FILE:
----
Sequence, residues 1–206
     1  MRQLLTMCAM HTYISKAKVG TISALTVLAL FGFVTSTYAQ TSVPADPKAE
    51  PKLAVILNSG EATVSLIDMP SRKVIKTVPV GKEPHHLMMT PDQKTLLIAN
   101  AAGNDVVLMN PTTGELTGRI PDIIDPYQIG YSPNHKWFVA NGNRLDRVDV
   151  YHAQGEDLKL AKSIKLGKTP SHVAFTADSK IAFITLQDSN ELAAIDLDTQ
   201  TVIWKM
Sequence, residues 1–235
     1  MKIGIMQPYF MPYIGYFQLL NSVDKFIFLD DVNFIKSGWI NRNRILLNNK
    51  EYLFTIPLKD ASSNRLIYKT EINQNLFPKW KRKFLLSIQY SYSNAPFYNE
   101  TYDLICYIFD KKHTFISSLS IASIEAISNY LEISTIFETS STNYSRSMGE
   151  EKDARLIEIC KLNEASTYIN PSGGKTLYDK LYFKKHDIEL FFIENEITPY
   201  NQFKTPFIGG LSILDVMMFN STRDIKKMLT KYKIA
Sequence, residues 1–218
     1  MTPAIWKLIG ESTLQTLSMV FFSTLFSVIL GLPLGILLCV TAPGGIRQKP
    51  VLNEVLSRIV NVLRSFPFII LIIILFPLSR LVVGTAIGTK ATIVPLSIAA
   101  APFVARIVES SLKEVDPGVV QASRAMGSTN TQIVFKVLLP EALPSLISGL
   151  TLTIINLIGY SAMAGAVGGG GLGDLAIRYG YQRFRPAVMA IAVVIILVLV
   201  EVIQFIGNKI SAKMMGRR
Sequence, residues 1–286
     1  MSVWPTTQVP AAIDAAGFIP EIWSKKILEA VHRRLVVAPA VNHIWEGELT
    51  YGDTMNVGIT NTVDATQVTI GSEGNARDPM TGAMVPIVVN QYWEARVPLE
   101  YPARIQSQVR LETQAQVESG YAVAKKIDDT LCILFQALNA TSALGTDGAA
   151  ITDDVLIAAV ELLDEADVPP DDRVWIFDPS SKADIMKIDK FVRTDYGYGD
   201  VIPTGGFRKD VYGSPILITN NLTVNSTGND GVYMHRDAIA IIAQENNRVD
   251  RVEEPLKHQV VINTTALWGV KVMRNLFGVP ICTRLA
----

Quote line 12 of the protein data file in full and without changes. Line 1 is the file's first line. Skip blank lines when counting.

   201  NQFKTPFIGG LSILDVMMFN STRDIKKMLT KYKIA